Cons:  Almost nobody knows exactly why or how they’re doing it—as shown by a very useful study by Marc van Bree on orchestras’ usage of social media, there’s an urgent need for COs to plan their SM strategies: his recommendations focus on formalization of goals, as well as strategic planning of the budget, people and strategy needed to accomplish them. Smith proposes setting goals and monitoring success depending on the platform.


I found creative, original programs that  COs are constantly launching through the same platforms (FB, Twitter, YouTube) to engage their followers in activities that generate online content. (See Twitter Community Choreography and We Tell Stories for two cool examples).

Overview- Less popular and more complicated than just recruiting followers, projects that attract users into more engaged participation are becoming more common.


-Getting followers to devote time and energy to a project definitely engages them deeper with the institution & strengthens relationships and loyalty.

-I believe it is an effective way of bringing art closer to specific groups that are more likely to be active on the Web than on real-life cultural activities, such as attending exhibits.

-The projects themselves can be high quality ideas with great possibilities—perhaps the richest field of interaction that actually exists between culture and the Web.

-If used correctly, these activities can be useful tools to help develop analytical abilities that would result in a more critical audience.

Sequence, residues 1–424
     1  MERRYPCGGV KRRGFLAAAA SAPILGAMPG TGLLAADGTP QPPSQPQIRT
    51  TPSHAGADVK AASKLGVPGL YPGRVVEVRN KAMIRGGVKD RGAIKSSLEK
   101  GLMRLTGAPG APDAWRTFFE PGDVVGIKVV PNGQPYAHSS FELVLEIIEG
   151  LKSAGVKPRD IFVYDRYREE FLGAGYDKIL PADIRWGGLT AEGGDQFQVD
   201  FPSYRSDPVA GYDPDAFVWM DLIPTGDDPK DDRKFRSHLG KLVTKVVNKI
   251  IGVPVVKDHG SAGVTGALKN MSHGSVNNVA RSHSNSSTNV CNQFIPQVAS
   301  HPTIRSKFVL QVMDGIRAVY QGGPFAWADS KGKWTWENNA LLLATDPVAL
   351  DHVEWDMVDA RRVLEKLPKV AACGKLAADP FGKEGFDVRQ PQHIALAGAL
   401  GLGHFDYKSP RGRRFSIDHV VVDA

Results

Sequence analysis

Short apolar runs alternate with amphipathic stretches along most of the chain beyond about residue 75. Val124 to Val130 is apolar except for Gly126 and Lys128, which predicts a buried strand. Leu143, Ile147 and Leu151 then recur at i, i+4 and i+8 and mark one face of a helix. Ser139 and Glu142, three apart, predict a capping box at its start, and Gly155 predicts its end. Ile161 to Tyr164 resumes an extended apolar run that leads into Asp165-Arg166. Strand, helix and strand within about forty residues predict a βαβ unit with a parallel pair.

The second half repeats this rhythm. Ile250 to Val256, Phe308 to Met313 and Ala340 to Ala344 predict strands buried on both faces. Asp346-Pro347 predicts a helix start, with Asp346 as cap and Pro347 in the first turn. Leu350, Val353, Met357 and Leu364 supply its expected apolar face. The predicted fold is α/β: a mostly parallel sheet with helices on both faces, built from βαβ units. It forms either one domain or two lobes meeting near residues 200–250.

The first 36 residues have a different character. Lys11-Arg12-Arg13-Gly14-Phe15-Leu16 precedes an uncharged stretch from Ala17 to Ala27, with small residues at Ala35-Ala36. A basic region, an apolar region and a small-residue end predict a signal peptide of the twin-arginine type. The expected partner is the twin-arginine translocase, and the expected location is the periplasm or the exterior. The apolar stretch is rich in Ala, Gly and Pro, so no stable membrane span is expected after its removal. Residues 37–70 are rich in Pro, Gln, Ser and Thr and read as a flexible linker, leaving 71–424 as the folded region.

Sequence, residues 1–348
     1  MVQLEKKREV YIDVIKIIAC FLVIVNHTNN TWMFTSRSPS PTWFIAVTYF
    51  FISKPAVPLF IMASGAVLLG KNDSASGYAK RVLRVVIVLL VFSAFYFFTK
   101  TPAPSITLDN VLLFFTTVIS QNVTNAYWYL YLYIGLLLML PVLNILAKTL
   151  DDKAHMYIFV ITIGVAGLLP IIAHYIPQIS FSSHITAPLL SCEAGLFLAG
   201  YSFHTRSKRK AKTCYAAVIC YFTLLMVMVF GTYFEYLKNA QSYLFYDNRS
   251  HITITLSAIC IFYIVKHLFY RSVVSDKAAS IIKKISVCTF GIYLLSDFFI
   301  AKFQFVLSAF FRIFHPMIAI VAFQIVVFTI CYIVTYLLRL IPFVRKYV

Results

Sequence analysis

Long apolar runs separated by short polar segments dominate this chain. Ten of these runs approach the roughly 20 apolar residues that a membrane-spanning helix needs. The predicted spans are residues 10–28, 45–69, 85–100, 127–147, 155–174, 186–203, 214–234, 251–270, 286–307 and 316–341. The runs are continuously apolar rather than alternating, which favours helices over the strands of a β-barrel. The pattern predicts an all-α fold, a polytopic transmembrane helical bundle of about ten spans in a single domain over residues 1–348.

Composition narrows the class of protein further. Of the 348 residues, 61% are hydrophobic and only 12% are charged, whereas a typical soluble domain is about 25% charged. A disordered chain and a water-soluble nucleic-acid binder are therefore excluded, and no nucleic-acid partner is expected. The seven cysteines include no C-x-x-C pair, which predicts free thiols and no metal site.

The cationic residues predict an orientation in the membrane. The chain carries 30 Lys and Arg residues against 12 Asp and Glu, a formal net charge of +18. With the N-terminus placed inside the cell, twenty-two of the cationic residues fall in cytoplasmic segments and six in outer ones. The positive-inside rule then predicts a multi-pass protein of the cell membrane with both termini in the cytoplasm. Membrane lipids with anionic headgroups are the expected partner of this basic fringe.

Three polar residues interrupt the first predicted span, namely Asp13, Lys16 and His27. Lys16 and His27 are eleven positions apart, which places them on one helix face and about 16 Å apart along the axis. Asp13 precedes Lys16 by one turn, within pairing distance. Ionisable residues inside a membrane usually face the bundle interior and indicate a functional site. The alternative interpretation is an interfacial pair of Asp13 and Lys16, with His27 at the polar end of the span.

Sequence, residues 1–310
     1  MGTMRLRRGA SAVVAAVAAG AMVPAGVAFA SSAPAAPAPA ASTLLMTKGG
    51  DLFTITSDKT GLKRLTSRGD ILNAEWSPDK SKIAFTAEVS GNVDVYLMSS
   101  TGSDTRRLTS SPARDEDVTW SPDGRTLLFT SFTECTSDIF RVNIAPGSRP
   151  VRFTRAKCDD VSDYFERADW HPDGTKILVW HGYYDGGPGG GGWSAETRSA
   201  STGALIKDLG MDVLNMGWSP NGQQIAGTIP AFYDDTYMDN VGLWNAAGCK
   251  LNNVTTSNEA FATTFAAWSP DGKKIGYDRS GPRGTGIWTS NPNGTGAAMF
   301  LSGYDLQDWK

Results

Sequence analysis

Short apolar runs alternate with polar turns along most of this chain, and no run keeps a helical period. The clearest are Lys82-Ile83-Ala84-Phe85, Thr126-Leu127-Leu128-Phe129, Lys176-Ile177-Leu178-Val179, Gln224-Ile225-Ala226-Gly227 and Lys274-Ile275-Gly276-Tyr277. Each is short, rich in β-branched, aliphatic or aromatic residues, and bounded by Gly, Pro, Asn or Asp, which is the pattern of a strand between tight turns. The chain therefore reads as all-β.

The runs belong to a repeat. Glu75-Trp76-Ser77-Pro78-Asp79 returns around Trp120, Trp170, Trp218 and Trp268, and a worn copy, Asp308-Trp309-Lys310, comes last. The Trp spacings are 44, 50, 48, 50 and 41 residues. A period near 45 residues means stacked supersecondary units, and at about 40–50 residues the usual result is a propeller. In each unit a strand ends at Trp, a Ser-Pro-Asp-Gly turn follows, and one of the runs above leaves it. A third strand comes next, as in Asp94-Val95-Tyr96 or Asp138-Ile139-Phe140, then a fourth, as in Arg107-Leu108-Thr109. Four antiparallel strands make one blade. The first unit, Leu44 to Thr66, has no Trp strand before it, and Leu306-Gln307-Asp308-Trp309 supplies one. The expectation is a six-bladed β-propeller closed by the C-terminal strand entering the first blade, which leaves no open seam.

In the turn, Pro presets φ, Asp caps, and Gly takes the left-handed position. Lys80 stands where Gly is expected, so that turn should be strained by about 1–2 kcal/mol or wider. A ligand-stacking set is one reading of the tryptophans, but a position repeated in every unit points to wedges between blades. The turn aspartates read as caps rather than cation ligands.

Cons- Although these projects can result in interesting content, there is an essential step missing that would bolster audience online participation into actual real-life engagement as art consumers. I totally agree with Mushon in the risk of users “no longer com(ing) [to these institutions] to ‘be exposed to art’ they come to create art, to be seen, heard… This is great but this is not the mission statement of most of these organizations, and that should be acknowledged.”

These online interactive projects are usually left on a basic level of results, without generating a bigger payoff for the organization by helping it promote its work, generate substantial audience growth, obtain new members and/or funding, etc. The activities they host attract a group of people that won’t necessarily turn into audiences that attend their events. I believe that this is result of the lack of planning and strategy shown in van Bree and Smith’s studies.


I believe that both social media and user generated content are amazing tools for expanding audiences through cultural divides with a small budget, in a way that truly brings people closer to consuming artistic products. Shifting from consumption to sharing and producing is fine as long as it doesn’t distract the public’s attention from the actual content that the CO is trying to deliver. As with any other marketing tactic, online activity should aim at making the audience cross the virtual line into real life consumption—being it online or offline, depending on the organization’s nature.

The process should be engaging followers/fans in creative activity that is indivisibly connected to the consumption of the organization’s main avocation.